Red Dwarf has reinvented itself so many times at this point it's getting a little difficult to list them all. We moved from the grimy, Waiting for Godot In Space set up of the first two seasons, to the ultra-slick science fiction of the next four years.
On the way the show set up and took down it's own future continuity over and over again (Lister has kids, that are born disappear between seasons! Lister and Kochanski end up marrying! Eventually!) and moved most of it's characters further and further from their original definitions.
Lister became more hero than hobo, Kryten was turned into a needy, blubbering nursemaid and Rimmer was written out in a way which not only made him heroic, but possibly the most heroic person in all of human history. It all got a bit much, and with a confused story arc about the Red Dwarf being stolen, the (unwelcome to many) addition of Chloe Annett as Kochanski and the disastrous meta-fictionality of Back to Earth, the show looked not only like it was spent but that it had long outstayed it's welcome.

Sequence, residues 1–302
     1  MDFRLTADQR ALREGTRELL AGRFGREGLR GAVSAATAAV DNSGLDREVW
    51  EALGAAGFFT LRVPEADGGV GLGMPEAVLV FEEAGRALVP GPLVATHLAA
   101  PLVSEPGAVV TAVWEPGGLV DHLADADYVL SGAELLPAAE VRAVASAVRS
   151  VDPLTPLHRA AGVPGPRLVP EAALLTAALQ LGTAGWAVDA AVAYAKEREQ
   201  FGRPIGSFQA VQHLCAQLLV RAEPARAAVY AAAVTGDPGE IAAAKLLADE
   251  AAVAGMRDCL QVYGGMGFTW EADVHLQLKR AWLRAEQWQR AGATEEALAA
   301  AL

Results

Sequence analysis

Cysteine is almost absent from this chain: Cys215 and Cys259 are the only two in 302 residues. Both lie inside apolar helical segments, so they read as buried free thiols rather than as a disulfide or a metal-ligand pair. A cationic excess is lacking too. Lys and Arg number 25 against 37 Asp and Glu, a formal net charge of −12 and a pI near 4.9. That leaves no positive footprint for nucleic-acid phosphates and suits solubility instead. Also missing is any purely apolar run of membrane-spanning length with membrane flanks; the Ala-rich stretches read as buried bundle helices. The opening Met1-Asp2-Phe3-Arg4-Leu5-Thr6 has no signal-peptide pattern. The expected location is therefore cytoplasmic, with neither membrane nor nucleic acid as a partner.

Earlier in the year, I saw that notion proved wrong.
I was lucky enough to get a ticket not only to a night's filming of the show, but also the last night of filming on the season finale. So, in a sweaty aircraft hangar less than a mile away from the vehicles used in Prometheus, I and the rest of the audience settled in to find out if this was a return to form for the Boys from the Dwarf, or yet another dead cat bounce in a long, ignominious line of them.
It wasn't a dead cat bounce.
1. The Original Line Up Is Back
I was one of the, admittedly few, people who really liked Chloe Annett and her Jolly Hockeysticks take on Kochanski. However, it can't be denied that the show's dynamic was horribly thrown off by her arrival and Rimmer's departure. The upside to this was that the show became exponentially less insular and blokish.
The downside was that nothing ever actually changed; Kochanski was endlessly competent, professional and slightly mad. Lister was in love with her, after a fashion, the Cat was an idiot and Kryten was a needy maid. Lather, rinse, repeat.